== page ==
The above diagramm shows the earth temperature in Kelvin as a function of two parameters, as given by this enhanced model. The two parameters can be seen as being (somewhat) proportional to densities of a hypothetical greenhouse gas, which would display this type of fluorescence. That is the parameter x is seen as (somewhat) proportional to the density of that hypothetical greenhouse gas within the atmossphere, while y is (somewhat) proportional to the density near the surface of the earth. Why I wrote “somewhat” in brackets is explained below.

The middle of the “plate” is at x=0, y=0 (please hover over the diagram) which is the “realistic” case of the idealized greenhouse model, i.e. the case where infrared absoptivity is 0.78 and the reflectivity of the earth is 0.3. The main point of this visualization is that linearily increasing x and y in the same way leads to an increase of the temperature. Or in other words, although raising x by a certain amount leads to cooling this effect is easily trumped by raising y by the same amount.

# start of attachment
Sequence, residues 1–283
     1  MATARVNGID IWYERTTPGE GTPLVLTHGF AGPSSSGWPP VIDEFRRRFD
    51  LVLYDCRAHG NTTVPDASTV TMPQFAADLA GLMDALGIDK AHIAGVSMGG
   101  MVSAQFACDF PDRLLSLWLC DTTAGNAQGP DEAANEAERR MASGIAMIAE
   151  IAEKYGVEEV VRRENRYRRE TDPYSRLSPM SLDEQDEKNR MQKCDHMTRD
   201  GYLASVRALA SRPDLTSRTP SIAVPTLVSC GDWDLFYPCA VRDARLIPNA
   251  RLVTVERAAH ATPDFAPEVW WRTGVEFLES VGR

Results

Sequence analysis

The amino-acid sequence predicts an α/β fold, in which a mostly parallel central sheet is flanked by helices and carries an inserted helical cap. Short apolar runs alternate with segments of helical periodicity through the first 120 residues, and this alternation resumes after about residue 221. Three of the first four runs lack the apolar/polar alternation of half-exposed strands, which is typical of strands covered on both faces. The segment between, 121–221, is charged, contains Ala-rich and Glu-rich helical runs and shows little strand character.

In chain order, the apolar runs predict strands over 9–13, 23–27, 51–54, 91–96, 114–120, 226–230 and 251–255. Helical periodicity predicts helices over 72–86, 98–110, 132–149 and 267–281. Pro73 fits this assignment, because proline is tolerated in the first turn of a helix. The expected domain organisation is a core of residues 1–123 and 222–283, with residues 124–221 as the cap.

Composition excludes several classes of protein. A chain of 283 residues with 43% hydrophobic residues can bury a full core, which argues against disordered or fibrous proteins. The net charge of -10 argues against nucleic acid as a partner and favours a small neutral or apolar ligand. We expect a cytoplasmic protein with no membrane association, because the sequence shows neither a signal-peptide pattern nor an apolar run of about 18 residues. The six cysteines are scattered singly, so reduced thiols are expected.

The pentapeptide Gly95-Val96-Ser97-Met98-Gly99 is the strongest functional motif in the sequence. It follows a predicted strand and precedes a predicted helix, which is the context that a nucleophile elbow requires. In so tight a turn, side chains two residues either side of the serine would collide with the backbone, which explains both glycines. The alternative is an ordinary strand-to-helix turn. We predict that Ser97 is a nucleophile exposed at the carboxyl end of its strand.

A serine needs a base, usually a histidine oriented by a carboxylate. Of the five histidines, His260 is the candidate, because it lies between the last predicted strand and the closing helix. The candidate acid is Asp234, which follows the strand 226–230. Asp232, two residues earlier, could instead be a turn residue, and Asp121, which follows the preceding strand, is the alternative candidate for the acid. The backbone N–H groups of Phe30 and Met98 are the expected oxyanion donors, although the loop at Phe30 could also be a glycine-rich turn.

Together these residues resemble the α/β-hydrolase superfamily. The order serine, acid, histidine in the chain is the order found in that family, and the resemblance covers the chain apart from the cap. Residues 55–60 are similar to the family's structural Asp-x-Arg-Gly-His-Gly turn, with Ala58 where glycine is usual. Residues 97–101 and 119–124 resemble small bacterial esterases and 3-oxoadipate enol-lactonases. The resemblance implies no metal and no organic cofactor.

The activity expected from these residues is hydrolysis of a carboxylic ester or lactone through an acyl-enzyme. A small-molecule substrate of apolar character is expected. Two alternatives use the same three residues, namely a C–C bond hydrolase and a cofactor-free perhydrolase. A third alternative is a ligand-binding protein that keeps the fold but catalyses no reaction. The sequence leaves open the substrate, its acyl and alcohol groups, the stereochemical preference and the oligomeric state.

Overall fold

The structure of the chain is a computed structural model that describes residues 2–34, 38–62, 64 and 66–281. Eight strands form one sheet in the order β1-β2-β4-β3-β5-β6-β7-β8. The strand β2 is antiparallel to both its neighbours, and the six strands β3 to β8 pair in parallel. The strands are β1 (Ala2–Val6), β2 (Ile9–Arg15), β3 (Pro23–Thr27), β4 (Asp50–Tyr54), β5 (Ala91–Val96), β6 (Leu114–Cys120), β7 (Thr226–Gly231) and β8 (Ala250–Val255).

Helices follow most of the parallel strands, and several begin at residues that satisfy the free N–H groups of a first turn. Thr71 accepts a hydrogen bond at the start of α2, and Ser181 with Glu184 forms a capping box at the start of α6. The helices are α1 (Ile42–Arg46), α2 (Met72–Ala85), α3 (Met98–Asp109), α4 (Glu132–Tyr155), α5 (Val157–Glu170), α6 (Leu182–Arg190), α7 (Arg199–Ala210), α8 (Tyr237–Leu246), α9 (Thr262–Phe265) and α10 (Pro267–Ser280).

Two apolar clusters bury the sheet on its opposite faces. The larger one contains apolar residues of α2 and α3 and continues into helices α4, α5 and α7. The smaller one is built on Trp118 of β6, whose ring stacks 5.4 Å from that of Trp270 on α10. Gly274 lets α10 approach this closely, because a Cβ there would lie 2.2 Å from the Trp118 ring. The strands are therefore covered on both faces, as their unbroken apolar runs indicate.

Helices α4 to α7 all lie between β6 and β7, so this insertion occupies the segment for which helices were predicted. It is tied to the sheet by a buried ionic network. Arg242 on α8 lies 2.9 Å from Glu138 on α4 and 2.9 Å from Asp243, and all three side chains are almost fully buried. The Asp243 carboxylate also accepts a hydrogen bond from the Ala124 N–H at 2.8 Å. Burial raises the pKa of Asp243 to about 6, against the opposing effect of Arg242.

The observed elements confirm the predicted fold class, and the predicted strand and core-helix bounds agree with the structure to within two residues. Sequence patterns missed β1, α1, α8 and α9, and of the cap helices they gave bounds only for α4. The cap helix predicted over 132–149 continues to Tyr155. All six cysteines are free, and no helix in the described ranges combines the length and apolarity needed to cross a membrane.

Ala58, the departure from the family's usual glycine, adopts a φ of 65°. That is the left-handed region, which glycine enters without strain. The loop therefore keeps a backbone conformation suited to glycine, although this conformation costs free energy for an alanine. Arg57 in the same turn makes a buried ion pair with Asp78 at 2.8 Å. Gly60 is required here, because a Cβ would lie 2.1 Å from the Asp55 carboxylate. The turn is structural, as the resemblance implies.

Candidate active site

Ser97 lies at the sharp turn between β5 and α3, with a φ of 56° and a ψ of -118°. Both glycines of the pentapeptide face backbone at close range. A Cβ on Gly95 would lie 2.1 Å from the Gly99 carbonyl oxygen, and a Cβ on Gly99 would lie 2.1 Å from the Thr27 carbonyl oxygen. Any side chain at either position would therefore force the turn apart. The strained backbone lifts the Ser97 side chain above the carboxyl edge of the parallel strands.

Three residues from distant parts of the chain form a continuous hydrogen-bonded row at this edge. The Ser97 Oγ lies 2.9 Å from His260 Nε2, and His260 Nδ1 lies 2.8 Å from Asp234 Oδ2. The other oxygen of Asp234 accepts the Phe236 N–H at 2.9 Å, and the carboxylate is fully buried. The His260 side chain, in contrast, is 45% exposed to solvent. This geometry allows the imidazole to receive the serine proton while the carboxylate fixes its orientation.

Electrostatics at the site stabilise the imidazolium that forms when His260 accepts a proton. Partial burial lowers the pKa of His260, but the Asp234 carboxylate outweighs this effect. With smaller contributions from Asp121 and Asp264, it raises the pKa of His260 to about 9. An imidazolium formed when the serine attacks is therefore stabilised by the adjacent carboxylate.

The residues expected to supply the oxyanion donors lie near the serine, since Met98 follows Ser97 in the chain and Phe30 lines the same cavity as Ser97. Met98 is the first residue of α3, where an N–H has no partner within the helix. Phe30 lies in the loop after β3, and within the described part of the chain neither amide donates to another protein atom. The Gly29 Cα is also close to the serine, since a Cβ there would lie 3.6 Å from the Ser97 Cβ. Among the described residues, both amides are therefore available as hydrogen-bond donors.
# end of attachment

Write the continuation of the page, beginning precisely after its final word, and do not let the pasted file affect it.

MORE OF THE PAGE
As far as I learned from discussions with climate scientists the omission of non-infrared radiation in the climate models was mostly motivated by the fact that an abpsorption of non-infrared is mostly happening in the upper atmossphere (because methane is quickly rising (but there are also circulations)) and thus leading rather to a global cooling effect than a global warming effect and so it in particular doesn’t contribute to global warming. The enhanced simple model here thus confirms that if absorption is taking place in the upper athmossphere then this leads to cooling. The enhanced model however also displays that the contribution of methane that has not risen, i.e. methane that is close to the earth surface, is to warm upon absorption of non-infrared light and that the effect of warming is much stronger than the cooling effect in the upper athmosphere. Unfortunately I can’t say how much stronger for a given amount of methane, since for assessing this one would need to know more about the actual densities (see also discussion below and the comment about circulations). Nonetheless this is a quite disquieting observation.